Peter Josef Safar

Peter Josef Safar (1924-2003) was an Austrian physician, innovator, educator and humanist.

Peter Safar was a pioneer of cardiopulmonary resuscitation and critical care medicine a relentless interest in everything and was a true humanist.

Born in Austria of Jewish ancestry he managed to evade the Nazis as a young man and survived the tragic death of his young daughter from status asthmaticus. Despite such terrible trials he went on to give the world ‘the kiss of life‘ and became the acknowledged ‘Father of modern CPR and devised the first 15-step protocol for Rapid Induction/Intubation (RSI).

  • Born on April 12, 1924
  • 1976 – Co-founded the World Association for Disaster and Emergency Medicine (WADEM)
  • Professor of resuscitation medicine University of Pittsburgh
  • Died on August 3, 2003

CPCR is for the person with a heart and brain too good to die.

Medical Eponyms
Peter’s Laws for the Navigation of Life (1994)

In 1994, on the occasion of his 70th birthday Safar was presented with a framed set of laws by his friends and colleagues. These laws were derived from the sayings of Peter Safar himself. They were titled ‘Peter’s Laws for the Navigation of Life‘ with the instructive subtitle ‘The Creed of the Sociopathic Obsessive Compulsive‘.

Rapid Sequence Induction (RSI) in 1970

A fifteen-step method of induction and intubation for avoiding aspiration of gastric contents, which has been used successfully in 80 patients over a 2-year period, is described.

Sept, Safar 1970
  1. Start intravenous infusion.
  2. Check equipment, including tracheal tube, cuff, stylet (for control of tube in emergency to avoid risking failure with the first attempt at intubation), adapters, oxygen source, bag-mask, and suction turned on, with a large-bore, rigid pharyngeal suction tip near the patient’s head.
  3. Insert a large-bore nasogastric tube and decompress the stomach with intermittent strong suction, to correct abdominal distention.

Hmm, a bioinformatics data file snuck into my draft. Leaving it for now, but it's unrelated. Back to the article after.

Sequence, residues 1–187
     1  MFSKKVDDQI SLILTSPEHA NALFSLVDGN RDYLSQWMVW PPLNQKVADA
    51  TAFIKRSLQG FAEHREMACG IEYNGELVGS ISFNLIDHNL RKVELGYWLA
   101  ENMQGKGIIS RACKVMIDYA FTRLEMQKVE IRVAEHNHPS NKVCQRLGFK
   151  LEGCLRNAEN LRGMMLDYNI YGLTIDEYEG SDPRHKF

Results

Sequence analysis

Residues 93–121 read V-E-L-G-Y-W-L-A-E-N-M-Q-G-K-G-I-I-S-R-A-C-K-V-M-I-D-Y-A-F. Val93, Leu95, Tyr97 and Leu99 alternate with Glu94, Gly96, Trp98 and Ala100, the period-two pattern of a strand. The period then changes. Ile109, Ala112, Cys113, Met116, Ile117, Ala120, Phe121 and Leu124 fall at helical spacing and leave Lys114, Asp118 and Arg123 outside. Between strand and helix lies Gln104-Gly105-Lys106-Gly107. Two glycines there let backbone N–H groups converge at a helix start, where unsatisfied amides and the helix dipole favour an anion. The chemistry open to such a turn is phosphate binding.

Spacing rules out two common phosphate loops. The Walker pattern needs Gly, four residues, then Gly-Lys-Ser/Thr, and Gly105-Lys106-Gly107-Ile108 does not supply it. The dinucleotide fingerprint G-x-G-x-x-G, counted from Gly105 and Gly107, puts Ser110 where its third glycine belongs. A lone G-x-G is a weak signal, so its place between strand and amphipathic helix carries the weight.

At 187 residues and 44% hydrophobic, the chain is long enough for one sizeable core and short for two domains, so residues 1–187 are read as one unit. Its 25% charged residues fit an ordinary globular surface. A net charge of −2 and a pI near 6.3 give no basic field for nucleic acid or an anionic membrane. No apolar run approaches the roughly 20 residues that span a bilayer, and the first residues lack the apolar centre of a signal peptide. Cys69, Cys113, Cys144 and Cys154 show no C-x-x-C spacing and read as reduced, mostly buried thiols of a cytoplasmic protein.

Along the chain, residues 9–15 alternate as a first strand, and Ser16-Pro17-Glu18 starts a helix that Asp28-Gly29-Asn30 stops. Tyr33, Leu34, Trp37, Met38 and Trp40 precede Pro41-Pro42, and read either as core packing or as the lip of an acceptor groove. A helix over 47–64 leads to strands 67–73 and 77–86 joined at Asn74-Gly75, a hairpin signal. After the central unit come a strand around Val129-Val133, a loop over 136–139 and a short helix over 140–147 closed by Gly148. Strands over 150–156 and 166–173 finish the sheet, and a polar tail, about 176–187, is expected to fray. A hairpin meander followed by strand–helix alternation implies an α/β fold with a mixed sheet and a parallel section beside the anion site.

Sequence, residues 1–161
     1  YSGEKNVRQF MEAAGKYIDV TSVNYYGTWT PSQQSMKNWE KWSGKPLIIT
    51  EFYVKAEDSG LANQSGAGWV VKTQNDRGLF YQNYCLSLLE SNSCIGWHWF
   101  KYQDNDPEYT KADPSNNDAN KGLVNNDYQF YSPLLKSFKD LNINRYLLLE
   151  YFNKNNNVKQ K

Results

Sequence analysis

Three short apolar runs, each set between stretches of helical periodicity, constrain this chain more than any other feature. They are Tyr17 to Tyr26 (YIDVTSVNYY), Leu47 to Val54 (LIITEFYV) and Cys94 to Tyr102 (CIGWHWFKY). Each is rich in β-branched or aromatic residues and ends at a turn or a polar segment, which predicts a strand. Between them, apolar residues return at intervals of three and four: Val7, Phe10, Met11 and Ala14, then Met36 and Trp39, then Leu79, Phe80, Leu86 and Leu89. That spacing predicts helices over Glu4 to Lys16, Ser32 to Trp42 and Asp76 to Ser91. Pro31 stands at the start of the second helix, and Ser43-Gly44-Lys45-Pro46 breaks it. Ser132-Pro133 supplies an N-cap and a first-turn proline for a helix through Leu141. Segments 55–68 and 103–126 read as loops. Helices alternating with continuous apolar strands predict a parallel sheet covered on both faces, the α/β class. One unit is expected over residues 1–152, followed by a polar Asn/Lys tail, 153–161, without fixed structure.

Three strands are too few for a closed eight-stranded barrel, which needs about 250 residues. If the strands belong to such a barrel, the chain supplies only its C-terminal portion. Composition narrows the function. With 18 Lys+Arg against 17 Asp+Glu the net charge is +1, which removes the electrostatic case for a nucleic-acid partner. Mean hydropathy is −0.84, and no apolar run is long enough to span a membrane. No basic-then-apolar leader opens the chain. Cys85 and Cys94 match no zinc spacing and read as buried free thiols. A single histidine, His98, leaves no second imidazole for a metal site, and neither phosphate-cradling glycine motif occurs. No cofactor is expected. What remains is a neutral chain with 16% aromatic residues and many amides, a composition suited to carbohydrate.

4. Clean mouth and pharynx of foreign material, including dentures.
  5. Denitrogenate the lungs with 100 percent oxygen for at least 2 minutes, using a nonrebreathing system or a semiclosed-circuit system with over 10 L./min. flow and tight mask fit. Continue oxygen inhalation until intubation.
  6. Place patient in semisitting, V-position, with trunk elevated about 30 degrees, to counteract regurgitation by gravity, and feet elevated to prevent postural hypotension. Place pillow under occiput to support the head in the “sniffing” position for intubation.
  7. Apply electrocardiographic electrodes for monitoring the heart.
  8. Inject d-tubocurarine (3 mg/70 kg. body weight) intravenously.
  9. Give a predetermined dose of thiopental (e.g. 150 mg/70 kg. body weight) intravenously, about 2 minutes after injection of d-tubocurarine.
  10. Tilt the patient’s head gently backward with the onset of unconsciousness, and have an assistant apply and maintain firm, continuous cricoid pressure to close the oesophagus until the tracheal tube cuff is inflated at step 13.
  11. Inject succinylcholine chloride intravenously 100 mg/70 kg. body weight, immediately after the thiopental or the onset of unconsciousness
  12. Allow respiration to cease spontaneously. Apnea is essential, since partial paralysis would result in straining and regurgitation.
  13. Remove the mask while sustaining cricoid pressure, expose the larynx, and intubate the trachea rapidly; then inflate the cuff.
  14. Release cricoid pressure; ventilate; switch to maintenance anaesthetic. 
  15. Insert a gastric tube, if one is not already in place. 


In 1966, while Safar was away at a medical conference, his 11 year old daughter Elizabeth fell into an asthma induced coma and died. Safar became convinced that lay people, not just doctors, had to be involved in resuscitation if lives were to be saved. One year after his daughter’s death he designed and implemented the first ambulance service with a physician and volunteers trained in CPR.

On his 70th birthday Safar was presented with a framed set of laws by his friends and colleagues derived from his won sayings. They were titled Peter’s Laws for the Navigation of Life – The Creed of the Sociopathic Obsessive Compulsive‘.

Major Publications





the person behind the name

Dr Tom Cassidy MBBS FACEM. Emergency physician, Perth Australia. Father of two humans and whimsical lyricist. Special skills: relocating ECGs, reading toxidromes and interpreting dislocations | @tgpcassidyLinkedIn |

BA MA (Oxon) MBChB (Edin) FACEM FFSEM. Emergency physician, Sir Charles Gairdner Hospital.  Passion for rugby; medical history; medical education; and asynchronous learning #FOAMed evangelist. Co-founder and CTO of Life in the Fast lane | Eponyms | Books | Twitter |

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